Take the 2-minute tour ×
Stack Overflow is a question and answer site for professional and enthusiast programmers. It's 100% free, no registration required.

I have a method that I want to expand (rather than writing a new method which does basically the same thing), by adding an unknown number of parameters to the end of the list of parameters.

If I do this, will I have to change all the calls to the method? I guess the question is, does the unknown parameter include the case there being no parameter passed in at all?

For instance, if I have a method:

queryFactory(int [] typeArgs, int queryType, int[] ... args){}

Could I call:

queryFactory(typeArgsInstce, queryTypeInstce)

And then when I need to add parameters to the query call:

queryFactory(typeArgsInstce, queryTypeInstce, argsInstce)

Where argsInstce is an array of integers containing extra arguments.

I would like to just edit this method rather than writing a new one which does almost the exact same thing except it has some arguments to add to queries. I will simply write another method if by editing this one I will have to change every other call to this method.

share|improve this question
3  
(have you already tried it?) –  Andreas_D Nov 20 '12 at 16:22
    
Look at my answer here for info on var args. –  Brian Nov 20 '12 at 16:22
4  
Note: you probably want queryFactory(int [] typeArgs, int queryType, int... args){} –  Puce Nov 20 '12 at 16:24
1  
Be aware, by specifying int[] ... args, this is exactly the same as specifying int[][] args. The ... already turns it into an array, so by specifying [] in your type along with the ..., you're creating a 2-dimensional array, and I doubt this is what you want, as others here have indicated. –  Brian Nov 20 '12 at 16:31

3 Answers 3

up vote 6 down vote accepted
public static void main(String[] args) {
    method(1);      // <- compile error
    method(1,2);
    method(1,2,3);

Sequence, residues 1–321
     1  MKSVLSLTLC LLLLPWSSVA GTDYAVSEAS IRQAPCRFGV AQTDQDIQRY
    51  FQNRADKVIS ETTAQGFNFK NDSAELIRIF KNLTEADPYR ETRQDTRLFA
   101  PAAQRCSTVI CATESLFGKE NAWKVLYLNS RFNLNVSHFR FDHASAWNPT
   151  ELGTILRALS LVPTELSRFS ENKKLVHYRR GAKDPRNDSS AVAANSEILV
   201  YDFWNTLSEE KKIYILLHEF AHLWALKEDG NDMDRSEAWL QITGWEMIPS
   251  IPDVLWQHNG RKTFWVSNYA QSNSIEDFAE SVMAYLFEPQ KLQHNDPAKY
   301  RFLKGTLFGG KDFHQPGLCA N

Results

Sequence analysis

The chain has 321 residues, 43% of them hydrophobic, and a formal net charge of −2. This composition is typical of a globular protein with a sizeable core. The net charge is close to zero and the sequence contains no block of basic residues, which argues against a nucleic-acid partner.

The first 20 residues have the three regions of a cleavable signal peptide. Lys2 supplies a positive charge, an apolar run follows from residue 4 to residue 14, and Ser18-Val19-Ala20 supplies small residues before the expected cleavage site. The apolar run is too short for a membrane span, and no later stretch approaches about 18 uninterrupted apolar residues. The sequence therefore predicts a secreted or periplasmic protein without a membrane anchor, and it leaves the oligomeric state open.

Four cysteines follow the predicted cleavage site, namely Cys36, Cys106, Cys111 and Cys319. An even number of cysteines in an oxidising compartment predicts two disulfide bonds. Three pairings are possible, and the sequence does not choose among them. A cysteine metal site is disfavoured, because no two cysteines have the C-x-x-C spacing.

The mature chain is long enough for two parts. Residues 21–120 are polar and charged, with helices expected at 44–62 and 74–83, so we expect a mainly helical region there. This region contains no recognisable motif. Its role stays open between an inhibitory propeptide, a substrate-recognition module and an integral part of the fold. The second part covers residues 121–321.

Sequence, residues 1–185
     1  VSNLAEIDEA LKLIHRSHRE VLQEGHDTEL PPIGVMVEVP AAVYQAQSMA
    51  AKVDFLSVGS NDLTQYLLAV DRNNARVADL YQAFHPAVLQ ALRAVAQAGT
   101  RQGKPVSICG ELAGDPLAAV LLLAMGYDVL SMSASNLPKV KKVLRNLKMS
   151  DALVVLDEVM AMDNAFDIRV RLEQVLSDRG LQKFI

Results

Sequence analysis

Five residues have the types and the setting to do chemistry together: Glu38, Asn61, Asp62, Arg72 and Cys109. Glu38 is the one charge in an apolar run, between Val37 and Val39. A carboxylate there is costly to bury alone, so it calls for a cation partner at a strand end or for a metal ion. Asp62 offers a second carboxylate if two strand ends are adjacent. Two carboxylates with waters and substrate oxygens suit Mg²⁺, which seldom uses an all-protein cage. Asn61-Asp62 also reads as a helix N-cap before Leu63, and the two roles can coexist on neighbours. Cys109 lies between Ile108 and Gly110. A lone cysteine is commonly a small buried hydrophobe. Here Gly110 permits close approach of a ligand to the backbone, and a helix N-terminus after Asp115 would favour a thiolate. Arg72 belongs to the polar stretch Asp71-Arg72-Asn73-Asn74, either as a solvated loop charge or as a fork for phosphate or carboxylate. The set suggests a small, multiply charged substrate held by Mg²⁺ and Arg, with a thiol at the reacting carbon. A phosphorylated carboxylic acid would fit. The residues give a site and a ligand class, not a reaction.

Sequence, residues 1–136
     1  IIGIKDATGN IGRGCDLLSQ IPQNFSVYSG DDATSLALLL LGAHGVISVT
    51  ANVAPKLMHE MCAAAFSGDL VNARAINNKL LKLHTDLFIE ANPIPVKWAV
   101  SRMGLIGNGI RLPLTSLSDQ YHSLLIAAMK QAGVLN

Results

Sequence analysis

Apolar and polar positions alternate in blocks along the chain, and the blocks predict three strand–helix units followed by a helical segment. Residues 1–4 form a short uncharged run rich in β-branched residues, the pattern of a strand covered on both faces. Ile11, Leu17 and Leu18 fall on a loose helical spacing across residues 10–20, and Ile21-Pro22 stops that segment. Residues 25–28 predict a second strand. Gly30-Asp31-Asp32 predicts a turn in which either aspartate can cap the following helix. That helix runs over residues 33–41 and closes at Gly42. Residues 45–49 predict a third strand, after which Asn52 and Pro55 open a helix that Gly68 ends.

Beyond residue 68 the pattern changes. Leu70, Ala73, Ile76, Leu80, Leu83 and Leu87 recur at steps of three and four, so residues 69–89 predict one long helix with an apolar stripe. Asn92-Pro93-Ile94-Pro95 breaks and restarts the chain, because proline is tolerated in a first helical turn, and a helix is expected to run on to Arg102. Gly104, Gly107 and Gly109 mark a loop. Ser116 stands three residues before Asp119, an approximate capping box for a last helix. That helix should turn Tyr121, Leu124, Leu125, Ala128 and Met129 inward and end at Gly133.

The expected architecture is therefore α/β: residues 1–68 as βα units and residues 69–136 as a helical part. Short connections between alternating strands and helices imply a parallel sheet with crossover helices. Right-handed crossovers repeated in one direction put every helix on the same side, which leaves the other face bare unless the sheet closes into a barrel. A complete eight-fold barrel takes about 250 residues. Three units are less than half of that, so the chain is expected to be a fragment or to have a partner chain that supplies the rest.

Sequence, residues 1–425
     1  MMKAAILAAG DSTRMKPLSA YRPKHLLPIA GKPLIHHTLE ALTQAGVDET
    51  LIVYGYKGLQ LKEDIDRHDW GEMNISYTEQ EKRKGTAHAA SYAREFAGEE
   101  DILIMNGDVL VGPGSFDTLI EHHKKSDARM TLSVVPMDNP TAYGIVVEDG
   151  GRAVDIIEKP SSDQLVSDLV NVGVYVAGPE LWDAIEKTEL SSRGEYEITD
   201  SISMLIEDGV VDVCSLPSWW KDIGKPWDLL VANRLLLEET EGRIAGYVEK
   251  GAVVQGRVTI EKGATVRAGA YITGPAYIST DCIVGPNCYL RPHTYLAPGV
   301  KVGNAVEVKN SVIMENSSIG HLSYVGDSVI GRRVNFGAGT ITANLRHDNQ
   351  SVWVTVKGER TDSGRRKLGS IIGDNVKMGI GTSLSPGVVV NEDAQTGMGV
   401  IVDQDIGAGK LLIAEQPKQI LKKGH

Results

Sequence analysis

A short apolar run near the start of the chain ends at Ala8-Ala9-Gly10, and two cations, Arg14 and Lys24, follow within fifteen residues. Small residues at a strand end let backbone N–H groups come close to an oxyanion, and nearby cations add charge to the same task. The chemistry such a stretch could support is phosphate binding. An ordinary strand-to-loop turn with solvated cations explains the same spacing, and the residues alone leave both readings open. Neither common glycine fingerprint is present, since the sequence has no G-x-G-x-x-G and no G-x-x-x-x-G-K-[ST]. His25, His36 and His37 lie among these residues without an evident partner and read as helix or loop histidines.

method(1,2,3,4);
}

private static void method(int i1, int i2, int...i3) {
    // do something
}

So to answer the question in words: we need 2 arguments at minimum. This passes an empty array ´i3[]´ to the method. Arguments number 3 and above are treated as array values.


It makes no difference...

public static void main(String[] args) {
    method(new int[]{1});      // <- compile error
    method(new int[]{1},2);
    method(new int[]{1},2,new int[]{3,4});
    method(new int[]{1},2,new int[]{3,4},new int[]{5,6});
}

private static void method(int[] i1, int i2, int[]...i3) {
    // do something
}

The varargs parameter has to be the last so it won't conflict with the first array

share|improve this answer
1  
he asked about arrays but you have given primitives. –  sunleo Nov 20 '12 at 16:28

As you asked Could I call: you can call here is the example

public static void main(String[] args) {

        int[] i = { 1, 2, 3 };
        int[] i1 ={1,1,1,1};
        System.out.println("Sum: " + sum(i,2,i1));
        System.out.println("Sum: " + sum(i,2));
    }

    static int sum(int[] numbers1,int num,int[]... numbers2) {
        int t[][] = numbers2;
        int total = 0;
        for (int i = 0; i < t.length; i++) {
            for (int j = 0; j < t[i].length; j++) {
                System.out.print(t[i][j]);
                total += t[i][j];
            }

        }
        for(int test : numbers1)
             total+=test;

        total+=num;

        return total;
    }
share|improve this answer
    
You don't have to assign numbers2 into a new reference like that, you can use it directly, i.e. numbers2[i][j], but still, a good reference point with some actual code, +1. –  Brian Nov 20 '12 at 17:01

I understand that you don't want to change the signature of your method because you will need to change every call of that method, so you could create a method that have the 3 args with all the code, and overload the same method with only 2 args, but in this method you only call the method with 3 args, the last arg will be null. I know is not that you want, but you wouldn't repeat the code and change the signature of the method.

public void queryFactory(int [] typeArgs, int queryType, int... args){
     // do something
}

public void queryFactory(int [] typeArgs, int queryType){
    queryFactory(typeArgs,queryType,null);
}
share|improve this answer
    
This would force him to do a null-check in the 3-argument option and is completely unnecessary. He can call queryFactory with only two parameters, and it will create args as an empty array, so he doesn't have to even do a null-check, since args.length will be zero. –  Brian Nov 20 '12 at 17:02

Your Answer

 
discard

By posting your answer, you agree to the privacy policy and terms of service.

Not the answer you're looking for? Browse other questions tagged or ask your own question.